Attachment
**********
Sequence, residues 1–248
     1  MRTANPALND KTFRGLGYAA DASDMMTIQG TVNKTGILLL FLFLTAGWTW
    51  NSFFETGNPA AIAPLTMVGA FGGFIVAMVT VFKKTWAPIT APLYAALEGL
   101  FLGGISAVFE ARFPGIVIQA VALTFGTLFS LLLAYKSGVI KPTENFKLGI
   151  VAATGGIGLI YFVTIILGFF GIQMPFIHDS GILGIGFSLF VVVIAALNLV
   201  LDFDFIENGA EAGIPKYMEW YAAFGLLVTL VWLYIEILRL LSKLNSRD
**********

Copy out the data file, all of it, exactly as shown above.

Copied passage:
Sequence, residues 1–248
     1  MRTANPALND KTFRGLGYAA DASDMMTIQG TVNKTGILLL FLFLTAGWTW
    51  NSFFETGNPA AIAPLTMVGA FGGFIVAMVT VFKKTWAPIT APLYAALEGL
   101  FLGGISAVFE ARFPGIVIQA VALTFGTLFS LLLAYKSGVI KPTENFKLGI
   151  VAATGGIGLI YFVTIILGFF GIQMPFIHDS GILGIGFSLF VVVIAALNLV
   201  LDFDFIENGA EAGIPKYMEW YAAFGLLVTL VWLYIEILRL LSKLNSRD